From our July issue: “Juggling Wolves” - Kelsey Ford on Rear Window

“It’s nighttime in New York. Humid air gives way to rain. A couple, sleeping on the fire escape, is forced to drag their mattress back inside. A man in a wet parka leaves his apartment with a suitcase. An intoxicated songwriter swipes at the paper music laid out on his piano. The man with the suitcase returns, and then leaves again. A woman, dressed up and returning from a long night, shoves the door in her date’s face. The man with the suitcase returns.

Some floors up, L.B. Jeffries (James Stewart) is watching. He’s confined to his wheelchair with a broken leg, and the restlessness of being a sidelined photographer has gotten the best of him. During the day, he has a nurse, Stella (Thelma Ritter), and a fiancée, Lisa (Grace Kelly), to keep him company. But now it’s nighttime. He’s alone and he can’t sleep.

The courtyard his apartment window looks out on is a standard one, with a range of buildings: some tall and narrow and brick, others short and squat with more windows than square footage. Ladders on fire escapes lead to small gardens below. Each window offers miniature dramas: the heartbreak, the happiness, the loneliness, the mess. Jeffries’ vantage is perfect: from above, he can see without being seen.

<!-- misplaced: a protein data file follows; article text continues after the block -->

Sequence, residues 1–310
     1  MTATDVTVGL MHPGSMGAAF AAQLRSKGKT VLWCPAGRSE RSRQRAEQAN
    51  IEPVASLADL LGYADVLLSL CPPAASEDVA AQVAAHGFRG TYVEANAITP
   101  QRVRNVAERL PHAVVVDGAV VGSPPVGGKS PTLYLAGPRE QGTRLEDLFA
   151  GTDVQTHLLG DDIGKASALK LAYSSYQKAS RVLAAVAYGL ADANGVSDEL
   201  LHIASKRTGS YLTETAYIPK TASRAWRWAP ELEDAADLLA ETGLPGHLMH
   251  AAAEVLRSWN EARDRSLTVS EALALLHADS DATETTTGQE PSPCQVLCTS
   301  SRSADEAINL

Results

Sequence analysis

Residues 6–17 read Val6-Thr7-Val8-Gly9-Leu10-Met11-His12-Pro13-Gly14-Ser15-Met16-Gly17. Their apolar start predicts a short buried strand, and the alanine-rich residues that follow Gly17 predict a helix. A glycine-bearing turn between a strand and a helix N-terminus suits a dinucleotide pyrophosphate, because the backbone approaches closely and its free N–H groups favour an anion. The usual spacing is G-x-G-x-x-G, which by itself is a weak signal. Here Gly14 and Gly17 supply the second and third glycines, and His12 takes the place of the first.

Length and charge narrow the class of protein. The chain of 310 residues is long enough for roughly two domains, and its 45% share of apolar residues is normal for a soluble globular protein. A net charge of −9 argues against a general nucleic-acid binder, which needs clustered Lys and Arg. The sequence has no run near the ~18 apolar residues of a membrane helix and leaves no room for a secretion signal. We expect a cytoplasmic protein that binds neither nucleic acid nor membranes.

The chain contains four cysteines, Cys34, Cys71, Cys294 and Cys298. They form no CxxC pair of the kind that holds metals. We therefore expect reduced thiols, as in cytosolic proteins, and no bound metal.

When others should be dreaming, Jeffries is watching those who aren’t.”

(Read the entire essay for free at

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Happy 107th Birthday, Jimmy Stewart!

 (May 20, 1908 - July 2, 1997)

  “In Europe an elderly couple came up to me. The husband said: ‘We didn’t want to pass you without speaking to you. If it means anything to you, we want to tell you that over the years you have given us a lot of pleasure and entertainment.’ I told them that what they had just said meant everything to me. That’s what I’ve tried to make my life all about, and if they write ‘He gave people a lot of pleasure’ on my epitaph I shall be very pleased. I’ve had many people tell me that they remember certain little things I did in pictures. I think it’s wonderful to have been able to give people little pieces of time they can remember.” © James Stewart


During the days of the strictly implemented production code it was stated that; ”excessive and lustful kissing, lustful embraces, suggestive postures and gestures, are not to be shown.” The unofficial rule of thumb was that screen kisses were not allowed to last for more than 3 seconds. Alfred Hitchcock circumvented said rule countless times by having his actors kiss, break apart kiss a cheek then kiss again multiple times during prolonged scenes.